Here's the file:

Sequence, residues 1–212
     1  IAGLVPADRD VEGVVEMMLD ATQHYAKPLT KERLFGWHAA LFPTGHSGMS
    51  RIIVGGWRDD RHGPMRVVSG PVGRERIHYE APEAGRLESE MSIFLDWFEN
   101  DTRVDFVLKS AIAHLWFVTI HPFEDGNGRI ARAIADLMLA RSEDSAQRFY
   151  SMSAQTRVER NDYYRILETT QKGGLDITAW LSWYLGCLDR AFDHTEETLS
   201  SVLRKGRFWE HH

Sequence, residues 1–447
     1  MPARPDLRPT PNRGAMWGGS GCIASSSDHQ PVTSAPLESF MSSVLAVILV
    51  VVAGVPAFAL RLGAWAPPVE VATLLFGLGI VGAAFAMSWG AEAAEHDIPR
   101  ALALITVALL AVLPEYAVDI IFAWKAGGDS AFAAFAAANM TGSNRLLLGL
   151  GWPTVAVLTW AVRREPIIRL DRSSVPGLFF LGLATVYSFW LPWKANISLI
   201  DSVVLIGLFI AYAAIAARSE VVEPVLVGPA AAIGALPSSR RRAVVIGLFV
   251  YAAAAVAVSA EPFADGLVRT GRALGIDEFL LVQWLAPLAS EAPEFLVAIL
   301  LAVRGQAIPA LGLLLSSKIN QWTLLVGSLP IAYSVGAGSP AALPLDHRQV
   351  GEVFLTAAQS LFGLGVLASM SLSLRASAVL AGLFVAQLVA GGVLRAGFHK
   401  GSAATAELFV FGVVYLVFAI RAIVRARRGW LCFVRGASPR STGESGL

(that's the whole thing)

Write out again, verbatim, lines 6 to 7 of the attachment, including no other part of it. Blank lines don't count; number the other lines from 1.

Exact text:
   201  SVLRKGRFWE HH

Sequence, residues 1–447